[extropy-chat] Are vaccinations useless? was Re: Failure of low-fat diet

Robin Hanson rhanson at gmu.edu
Tue Mar 7 03:16:29 UTC 2006

At 05:07 PM 3/6/2006, Rafal Smigrodzki wrote:
>What is in your opinion the percent contribution of,
>for example, smallpox vaccinations to the currently observed reduction
>of lifetime prevalence of that disease? Please use the historical data
>on lifetime prevalence in e.g. Europe, compare with current numbers
>and tell me how much, if any, of the reduction is attributable to

Start with this study as a reference point:

<http://www.milbank.org/720203.html>Improving Health: Measuring 
Effects of Medical Care, by John P. Bunker, Howard S. Frazier, and 
Frederick Mosteller, Milbank Quarterly, 72(2), 1994.

I don't think the authors are critical enough, in that they seem to 
give medicine the benefit of any doubts about medical 
effectiveness.  But even they can only come up with a few years of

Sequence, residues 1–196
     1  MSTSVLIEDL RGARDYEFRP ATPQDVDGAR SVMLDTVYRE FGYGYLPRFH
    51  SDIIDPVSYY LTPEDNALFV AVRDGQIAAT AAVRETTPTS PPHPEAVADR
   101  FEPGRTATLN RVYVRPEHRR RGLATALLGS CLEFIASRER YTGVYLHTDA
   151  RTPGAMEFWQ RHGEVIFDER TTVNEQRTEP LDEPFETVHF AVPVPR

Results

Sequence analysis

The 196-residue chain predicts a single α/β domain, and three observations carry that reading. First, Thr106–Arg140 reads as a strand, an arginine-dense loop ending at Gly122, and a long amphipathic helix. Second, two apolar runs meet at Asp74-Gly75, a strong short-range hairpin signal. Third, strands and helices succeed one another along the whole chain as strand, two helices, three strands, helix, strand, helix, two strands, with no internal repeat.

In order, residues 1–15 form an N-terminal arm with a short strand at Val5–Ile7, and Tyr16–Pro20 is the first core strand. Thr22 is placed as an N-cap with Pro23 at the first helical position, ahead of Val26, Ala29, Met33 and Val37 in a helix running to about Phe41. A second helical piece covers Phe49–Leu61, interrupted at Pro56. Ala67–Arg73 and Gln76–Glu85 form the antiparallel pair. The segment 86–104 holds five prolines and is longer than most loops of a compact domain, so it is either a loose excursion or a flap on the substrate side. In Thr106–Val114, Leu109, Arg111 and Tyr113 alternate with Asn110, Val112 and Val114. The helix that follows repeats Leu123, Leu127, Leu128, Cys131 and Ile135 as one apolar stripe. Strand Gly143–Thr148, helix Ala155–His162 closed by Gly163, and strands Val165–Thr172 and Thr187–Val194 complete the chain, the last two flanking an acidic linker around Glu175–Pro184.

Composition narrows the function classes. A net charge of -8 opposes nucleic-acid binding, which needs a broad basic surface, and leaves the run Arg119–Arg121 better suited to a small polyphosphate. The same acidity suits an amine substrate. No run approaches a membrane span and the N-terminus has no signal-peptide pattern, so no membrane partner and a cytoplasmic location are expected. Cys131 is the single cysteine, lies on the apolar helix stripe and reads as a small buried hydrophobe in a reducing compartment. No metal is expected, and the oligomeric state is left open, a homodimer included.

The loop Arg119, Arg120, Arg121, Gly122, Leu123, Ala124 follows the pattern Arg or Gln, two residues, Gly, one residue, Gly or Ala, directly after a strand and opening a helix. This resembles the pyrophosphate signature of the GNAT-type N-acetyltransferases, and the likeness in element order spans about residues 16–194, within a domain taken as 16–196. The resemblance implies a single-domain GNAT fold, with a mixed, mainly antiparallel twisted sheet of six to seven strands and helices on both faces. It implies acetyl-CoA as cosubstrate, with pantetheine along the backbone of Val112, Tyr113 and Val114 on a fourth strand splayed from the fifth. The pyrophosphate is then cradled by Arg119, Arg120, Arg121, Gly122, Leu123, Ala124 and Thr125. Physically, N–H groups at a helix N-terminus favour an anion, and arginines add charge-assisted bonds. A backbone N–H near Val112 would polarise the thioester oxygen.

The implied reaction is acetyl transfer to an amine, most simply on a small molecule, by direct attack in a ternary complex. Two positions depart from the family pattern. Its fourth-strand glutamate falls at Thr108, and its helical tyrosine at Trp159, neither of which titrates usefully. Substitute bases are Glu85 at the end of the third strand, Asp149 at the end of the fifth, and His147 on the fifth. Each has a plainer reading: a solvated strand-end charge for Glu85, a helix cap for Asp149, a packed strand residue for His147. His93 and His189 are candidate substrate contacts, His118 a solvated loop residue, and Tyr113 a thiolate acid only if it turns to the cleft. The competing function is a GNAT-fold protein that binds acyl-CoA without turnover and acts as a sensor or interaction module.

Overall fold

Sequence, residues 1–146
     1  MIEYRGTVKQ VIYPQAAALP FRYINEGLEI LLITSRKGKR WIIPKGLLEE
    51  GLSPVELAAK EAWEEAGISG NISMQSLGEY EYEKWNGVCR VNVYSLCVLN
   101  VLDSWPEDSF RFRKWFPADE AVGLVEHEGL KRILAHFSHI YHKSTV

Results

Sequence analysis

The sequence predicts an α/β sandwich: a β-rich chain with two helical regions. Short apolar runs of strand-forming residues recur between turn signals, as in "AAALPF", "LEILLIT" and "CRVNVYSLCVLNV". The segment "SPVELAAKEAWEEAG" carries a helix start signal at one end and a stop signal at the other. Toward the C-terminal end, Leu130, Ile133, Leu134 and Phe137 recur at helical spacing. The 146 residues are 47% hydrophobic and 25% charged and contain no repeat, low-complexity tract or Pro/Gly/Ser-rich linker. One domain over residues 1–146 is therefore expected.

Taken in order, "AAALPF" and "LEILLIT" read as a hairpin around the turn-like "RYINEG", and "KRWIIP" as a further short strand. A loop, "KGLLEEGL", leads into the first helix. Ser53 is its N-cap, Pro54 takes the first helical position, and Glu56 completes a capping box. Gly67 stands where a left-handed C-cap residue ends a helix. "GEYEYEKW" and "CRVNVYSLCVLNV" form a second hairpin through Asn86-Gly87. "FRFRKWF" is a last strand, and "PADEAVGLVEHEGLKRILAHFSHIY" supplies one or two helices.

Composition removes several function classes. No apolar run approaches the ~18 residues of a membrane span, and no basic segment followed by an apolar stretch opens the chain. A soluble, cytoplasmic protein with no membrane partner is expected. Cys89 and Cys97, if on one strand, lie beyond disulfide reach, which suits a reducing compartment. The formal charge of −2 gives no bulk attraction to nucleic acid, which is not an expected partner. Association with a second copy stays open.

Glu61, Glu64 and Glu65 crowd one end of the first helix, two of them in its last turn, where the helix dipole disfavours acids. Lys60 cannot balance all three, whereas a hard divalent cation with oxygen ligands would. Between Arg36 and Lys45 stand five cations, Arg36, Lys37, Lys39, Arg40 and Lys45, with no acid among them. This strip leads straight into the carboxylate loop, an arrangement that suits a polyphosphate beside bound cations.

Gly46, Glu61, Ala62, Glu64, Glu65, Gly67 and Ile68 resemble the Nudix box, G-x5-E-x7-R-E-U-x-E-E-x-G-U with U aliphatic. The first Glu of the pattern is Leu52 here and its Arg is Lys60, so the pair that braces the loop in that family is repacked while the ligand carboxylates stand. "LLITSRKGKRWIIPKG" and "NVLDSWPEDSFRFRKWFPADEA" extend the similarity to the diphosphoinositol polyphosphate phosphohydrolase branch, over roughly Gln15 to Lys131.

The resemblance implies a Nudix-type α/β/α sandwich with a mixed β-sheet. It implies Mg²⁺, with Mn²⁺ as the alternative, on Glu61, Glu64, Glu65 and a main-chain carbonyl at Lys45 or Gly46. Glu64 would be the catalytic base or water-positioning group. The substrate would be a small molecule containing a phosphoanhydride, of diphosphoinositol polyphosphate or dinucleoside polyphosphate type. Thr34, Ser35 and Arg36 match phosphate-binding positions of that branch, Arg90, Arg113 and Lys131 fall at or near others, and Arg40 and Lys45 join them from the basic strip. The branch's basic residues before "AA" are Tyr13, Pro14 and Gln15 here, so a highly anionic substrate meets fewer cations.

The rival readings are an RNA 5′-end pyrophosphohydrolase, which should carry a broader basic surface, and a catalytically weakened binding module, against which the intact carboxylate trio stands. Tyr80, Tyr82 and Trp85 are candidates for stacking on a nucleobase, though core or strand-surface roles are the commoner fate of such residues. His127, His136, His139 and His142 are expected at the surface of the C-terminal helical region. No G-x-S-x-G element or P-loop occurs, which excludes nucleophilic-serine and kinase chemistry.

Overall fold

life to credit to medicine.   So even they must conclude that most 
improvements in lifespan have come from other causes.

For smallpox they credit medicine with giving 3-6 mo. life per person 
on average, which I'd say is too high.
To answer your exact  question I'd guess 1 to 10% of the reduction is 
attributable to vaccination.

Robin Hanson  rhanson at gmu.edu  http://hanson.gmu.edu
Associate Professor of Economics, George Mason University
MSN 1D3, Carow Hall, Fairfax VA 22030-4444
703-993-2326  FAX: 703-993-2323 

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